Mine sticks some from not being used so I dont have a lot of experience with it. I also heard from my friend he said dont park the car and leave it in the overdrive it can roll off.
My 49 all the wires were shot in it when I got the car. It ran but everything was worn. I put a new wirring harness in it and disconnected the worn wires to the overdrive. We ran a hot wire through the firewall off the key switch and put it directly to the selonoid. Mine would kick and pop out and then work and sometimes wouldnt work.
My friend told me the cable needs adjusted or the thing just needs used.
My car came from a farm and in 30 years the old man put 2800 miles on it and he was in bad health. None of his family wanted the car. He got it out once a year and drove it to town and he didnt even have tags on it. It moved out of his garage for the last five year she had it and then it started going down hill.
I doubt he ever used the overdrive. IM not sure about the transmission braking. I dont think it will but then again I havent had mine out but twice. You have to stop to dissengage it I think. I never tried it while running.
 
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Old 10-24-2006, 12:34 PM
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Thanks for the details. Engineering like that is what gives the stock trucks "personality". I'm all for it. The three on the tree is probably a cheap anti-theft device against a whole generation of young crooks that mis-identify it as an automatic transmission shifter!
 
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Old 10-24-2006, 06:10 PM
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I've got it in my 57, but I don't think it works properly. I can't get it to kick down. The only noticeble difference is in the engine braking or lack there of, I don't think I'm actually getting an overdrive. I haven't tried driving on the freeway in 3rd gear disengaged. I got used to not having the engine braking. My commute only consists of 15 miles of freeway and 4 stop lights, so it's not a big deal. It's nice though, I can coast on the freeway to slow down for merging traffic in the slow lane without hitting the brakes.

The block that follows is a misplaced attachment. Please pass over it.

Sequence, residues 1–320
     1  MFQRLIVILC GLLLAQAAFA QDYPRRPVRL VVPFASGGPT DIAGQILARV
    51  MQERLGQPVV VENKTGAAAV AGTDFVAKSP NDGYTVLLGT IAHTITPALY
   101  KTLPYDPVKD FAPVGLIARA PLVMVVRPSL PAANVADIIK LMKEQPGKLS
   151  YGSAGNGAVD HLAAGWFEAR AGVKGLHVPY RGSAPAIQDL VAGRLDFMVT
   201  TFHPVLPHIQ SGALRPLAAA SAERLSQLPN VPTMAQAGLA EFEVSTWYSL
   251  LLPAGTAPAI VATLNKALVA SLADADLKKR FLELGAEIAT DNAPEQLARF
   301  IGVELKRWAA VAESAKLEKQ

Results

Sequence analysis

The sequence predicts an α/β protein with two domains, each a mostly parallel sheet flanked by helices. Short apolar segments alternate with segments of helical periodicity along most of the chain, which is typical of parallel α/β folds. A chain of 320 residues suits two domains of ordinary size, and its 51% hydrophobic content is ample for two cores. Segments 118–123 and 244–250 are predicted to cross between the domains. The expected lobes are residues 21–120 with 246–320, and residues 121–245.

I need to pick up a shop manual so I can trouble shoot it.

Also, if you park with it engaged you can shift to Reverse and it won't roll away, as per the owners manual.
 
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Old 10-25-2006, 01:34 PM
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Over Drive Operation

Very simple to operate, but there is a no no with these as well, and it can be expensive, here goes.

First off the cable is to be pushed in to activate the O/D, this can be done while the truck/car is moving, or after you have reached high gear. The no no is never pull the cable out while the vehicle is moving.

The O/D system consists of the following operations by the driver.
(1) after shifting into high gear push in the cable, then let off of the accelerator pedal, then push down again, you are now in O/D. This allows the engine about a ball park figure more or less of 30 percent. Example if you are running at 50 mph, lets say at 1800 rpm., the O/D will now give you the same rpm, but another 15 mph faster.

(2) there is a kickdown switch below the gas pedal, which acts in the same manner as a passing gear. Lets say that if you were running at 40 mph and you wanted to pull out and pass, kick down the gas pedal this takes the transmission out of O/D, and back into your regular high gear. After passing lift up on the gas pedal then push down again normal and you are now back in O/D, same symptoms as an automatic.

(3) the relay is on the firewall and has a glass fuse I believe either a 20 or 30 amp one, to operate the electrics on the O/D.

(4) then there is the solonoid, and govenor, which are on the transmission itself. the solonoid locks the O/D, into position, and the govenor will automatically kick it back into the regular 3 speed, at about 26-28 mph, you will hear a light click sound.

Again never pull out on the cable while moving, you will hear a grinding noise and your not supposed to hear that as you well know.

All in all its a simple operation, it really is. Usually the gear ratios that are used for these transmissions are 4.11-1, 3.91-1, I have even heard of as low as 3.73-1, it all depends on the type of driving you do, and of course the layout of the roads.

Hope this will help some of you with answers, on this subject. Just to add something to this the Pertronix Ignition, is a real help to this system.
 

Last edited by 5 Star; 10-25-2006 at 01:38 PM.
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Old 10-25-2006, 03:04 PM
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Thanks for sharing that valuble info!
 
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Old 10-25-2006, 05:11 PM
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I forgot to mention one very important issue on the O/D transmission, and that is the lubrication.

Make sure that there is oil in the rear section the tailstock. this is not lubricated by the oil from the transmission itself, but rather seperate. You have to lube it from the bottom plug in the tailstock, open the plug on the side until the oil starts to run out.

This sounds rather strange but there isn't enough room to get oil in from the side, the passage is to small.

So it has to be done from the bottom, and again until it comes out the side plug. Once this is done replace the bottom one, then the side one afterwards.

If these O/D tailstocks run dry they will run so damm hot that they will virtually weld the mechanisms, like Sun Gear etc, and there both expensive and a hell of a thing to get apart after this.